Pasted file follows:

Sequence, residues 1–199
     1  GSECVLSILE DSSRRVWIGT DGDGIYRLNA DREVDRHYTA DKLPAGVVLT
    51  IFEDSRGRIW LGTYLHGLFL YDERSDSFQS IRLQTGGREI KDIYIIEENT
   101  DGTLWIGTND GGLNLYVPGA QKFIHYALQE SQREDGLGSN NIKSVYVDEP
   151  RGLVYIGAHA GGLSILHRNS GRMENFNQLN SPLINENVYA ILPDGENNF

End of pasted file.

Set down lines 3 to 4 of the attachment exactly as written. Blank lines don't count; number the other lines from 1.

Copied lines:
    51  IFEDSRGRIW LGTYLHGLFL YDERSDSFQS IRLQTGGREI KDIYIIEENT
   101  DGTLWIGTND GGLNLYVPGA QKFIHYALQE SQREDGLGSN NIKSVYVDEP